And we’ve even re-designed our AMBER Alert Web site in an effort to give you easy access to resources and information that will help you do your job even better – if that’s even possible.

These are just a few of our most recent efforts. You’ll hear about others during this conference as well.

I’d like to propose an unofficial theme for this year’s conference – “Strengthening Partnerships.” Partnerships, after all – even unconventional partnerships – are at the heart of the AMBER Alert program, and they are the reason behind AMBER’s continued success. From the unprecedented alliance of broadcasters and law enforcement, to the exciting public-private nature of our secondary distribution efforts, partnerships define AMBER Alert.

Let us work to build on the partnerships we’ve already formed, and on the very idea of partnership. Let’s think of ways we can include others in our work. Who else could be helping us? Who should we be reaching out to? Let’s make this network as broad and expansive as we possibly can.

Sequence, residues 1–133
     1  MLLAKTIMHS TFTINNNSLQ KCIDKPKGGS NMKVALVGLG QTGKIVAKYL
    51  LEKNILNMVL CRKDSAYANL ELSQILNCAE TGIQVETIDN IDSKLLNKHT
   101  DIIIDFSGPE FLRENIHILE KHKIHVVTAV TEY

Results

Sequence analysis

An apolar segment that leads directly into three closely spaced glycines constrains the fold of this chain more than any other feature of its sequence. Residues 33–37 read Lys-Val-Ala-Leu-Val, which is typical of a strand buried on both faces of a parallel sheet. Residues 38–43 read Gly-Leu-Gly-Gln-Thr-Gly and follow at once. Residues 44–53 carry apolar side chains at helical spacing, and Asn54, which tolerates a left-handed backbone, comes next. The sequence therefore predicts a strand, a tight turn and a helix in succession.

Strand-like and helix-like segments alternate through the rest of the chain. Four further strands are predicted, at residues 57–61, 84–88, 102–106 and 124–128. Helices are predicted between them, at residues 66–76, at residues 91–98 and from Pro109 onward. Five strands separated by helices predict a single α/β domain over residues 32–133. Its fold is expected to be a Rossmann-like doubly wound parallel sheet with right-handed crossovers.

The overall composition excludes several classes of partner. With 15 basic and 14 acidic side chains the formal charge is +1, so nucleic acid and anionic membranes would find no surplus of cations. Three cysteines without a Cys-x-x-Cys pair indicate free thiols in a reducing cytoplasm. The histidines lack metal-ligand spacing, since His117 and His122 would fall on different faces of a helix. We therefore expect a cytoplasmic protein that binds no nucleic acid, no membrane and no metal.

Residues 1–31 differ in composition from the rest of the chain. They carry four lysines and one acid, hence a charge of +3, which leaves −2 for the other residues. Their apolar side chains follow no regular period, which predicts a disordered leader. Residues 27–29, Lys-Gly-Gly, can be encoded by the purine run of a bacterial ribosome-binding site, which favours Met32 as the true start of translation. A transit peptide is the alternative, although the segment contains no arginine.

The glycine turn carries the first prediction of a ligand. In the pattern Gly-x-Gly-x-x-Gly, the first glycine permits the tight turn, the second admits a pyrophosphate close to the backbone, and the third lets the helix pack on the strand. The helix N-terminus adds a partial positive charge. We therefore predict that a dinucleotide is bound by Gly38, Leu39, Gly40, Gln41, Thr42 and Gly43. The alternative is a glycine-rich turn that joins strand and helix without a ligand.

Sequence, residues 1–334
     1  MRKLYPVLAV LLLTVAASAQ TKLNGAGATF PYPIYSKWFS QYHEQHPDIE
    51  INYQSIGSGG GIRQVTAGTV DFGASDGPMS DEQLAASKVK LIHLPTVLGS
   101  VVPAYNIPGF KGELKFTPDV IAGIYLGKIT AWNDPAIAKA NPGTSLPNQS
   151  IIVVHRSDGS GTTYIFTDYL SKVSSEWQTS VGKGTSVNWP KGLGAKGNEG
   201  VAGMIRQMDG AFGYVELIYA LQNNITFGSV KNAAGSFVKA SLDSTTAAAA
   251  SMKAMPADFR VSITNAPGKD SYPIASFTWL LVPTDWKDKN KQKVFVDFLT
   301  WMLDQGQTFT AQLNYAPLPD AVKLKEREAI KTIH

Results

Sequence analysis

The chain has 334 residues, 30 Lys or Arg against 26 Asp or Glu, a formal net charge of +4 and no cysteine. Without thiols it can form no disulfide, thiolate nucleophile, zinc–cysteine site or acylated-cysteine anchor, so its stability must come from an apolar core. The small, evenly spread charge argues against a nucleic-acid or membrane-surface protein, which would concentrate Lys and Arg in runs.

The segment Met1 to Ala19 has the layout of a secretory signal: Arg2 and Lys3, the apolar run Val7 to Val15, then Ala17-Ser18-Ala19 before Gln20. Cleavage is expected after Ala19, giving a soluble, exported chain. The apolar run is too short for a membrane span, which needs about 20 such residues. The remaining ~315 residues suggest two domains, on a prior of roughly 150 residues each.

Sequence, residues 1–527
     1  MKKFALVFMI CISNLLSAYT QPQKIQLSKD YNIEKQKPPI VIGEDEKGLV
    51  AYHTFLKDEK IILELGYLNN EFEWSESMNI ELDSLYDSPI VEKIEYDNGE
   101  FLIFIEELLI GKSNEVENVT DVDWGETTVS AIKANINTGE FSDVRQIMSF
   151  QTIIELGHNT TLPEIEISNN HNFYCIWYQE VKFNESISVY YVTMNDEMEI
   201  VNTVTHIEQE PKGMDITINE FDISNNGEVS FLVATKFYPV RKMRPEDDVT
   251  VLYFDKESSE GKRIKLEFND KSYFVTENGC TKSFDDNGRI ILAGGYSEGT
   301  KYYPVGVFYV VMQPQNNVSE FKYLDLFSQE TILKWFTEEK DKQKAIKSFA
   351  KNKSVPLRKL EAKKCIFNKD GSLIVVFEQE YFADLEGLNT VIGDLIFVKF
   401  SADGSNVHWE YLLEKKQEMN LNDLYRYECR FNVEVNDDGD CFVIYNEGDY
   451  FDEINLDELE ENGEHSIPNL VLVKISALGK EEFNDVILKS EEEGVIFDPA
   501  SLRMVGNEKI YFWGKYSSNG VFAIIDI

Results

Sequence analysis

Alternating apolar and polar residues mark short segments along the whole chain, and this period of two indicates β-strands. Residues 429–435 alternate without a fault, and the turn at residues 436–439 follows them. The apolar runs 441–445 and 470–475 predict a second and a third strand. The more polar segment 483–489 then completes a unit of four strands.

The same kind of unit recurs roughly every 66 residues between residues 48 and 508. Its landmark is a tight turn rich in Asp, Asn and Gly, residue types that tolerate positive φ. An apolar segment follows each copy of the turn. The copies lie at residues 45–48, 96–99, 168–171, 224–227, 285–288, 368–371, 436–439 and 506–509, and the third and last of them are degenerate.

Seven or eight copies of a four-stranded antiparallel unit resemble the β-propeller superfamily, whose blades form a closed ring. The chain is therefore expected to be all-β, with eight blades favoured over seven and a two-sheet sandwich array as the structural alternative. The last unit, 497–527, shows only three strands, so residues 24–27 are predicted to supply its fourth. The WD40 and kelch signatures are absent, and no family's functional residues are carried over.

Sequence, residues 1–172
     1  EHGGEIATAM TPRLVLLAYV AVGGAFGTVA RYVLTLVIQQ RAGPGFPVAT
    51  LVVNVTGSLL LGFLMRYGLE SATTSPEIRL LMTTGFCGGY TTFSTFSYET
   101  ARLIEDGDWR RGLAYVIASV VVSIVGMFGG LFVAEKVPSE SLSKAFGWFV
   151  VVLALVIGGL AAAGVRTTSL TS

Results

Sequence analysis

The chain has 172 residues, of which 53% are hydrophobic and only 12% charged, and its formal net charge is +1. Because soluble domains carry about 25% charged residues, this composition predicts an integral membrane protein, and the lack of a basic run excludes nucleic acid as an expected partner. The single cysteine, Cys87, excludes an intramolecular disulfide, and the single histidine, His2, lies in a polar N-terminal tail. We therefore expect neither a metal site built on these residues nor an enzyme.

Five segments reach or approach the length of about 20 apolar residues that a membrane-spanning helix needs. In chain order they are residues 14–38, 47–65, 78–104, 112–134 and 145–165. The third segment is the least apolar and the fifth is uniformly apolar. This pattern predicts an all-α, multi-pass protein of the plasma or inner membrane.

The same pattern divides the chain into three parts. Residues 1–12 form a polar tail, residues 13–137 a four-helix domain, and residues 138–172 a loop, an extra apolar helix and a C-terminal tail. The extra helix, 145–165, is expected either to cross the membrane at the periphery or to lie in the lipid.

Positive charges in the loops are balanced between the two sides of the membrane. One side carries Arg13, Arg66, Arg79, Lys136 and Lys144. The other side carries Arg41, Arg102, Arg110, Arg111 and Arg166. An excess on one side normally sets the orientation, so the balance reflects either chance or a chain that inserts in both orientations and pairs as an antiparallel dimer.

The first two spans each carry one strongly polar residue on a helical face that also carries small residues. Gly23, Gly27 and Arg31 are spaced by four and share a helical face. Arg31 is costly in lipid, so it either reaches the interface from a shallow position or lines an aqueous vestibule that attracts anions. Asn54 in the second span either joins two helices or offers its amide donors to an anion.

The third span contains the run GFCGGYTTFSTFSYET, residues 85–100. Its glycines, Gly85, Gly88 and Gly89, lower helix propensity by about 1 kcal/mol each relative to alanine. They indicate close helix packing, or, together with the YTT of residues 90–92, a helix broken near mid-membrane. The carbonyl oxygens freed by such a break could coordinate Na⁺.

I encourage you to take advantage of your time here to talk with your counterparts in other states and communities. Soak up everything you can that promises to help you improve the AMBER system in your jurisdiction. Share with us what’s working, what’s not working, and what you think we can do to further strengthen the AMBER Alert network.

Our role at the Office of Justice Programs is to help coordinate AMBER Alert efforts nationwide so that our network for finding abducted children is strong and seamless. We need your feedback and guidance to realize that goal. I hope you’ll see these four days as your opportunity to influence the direction of AMBER Alert.

I want to thank you once again for being here, and for your commitment to protecting children. I wish you well on a successful conference.

Thank you.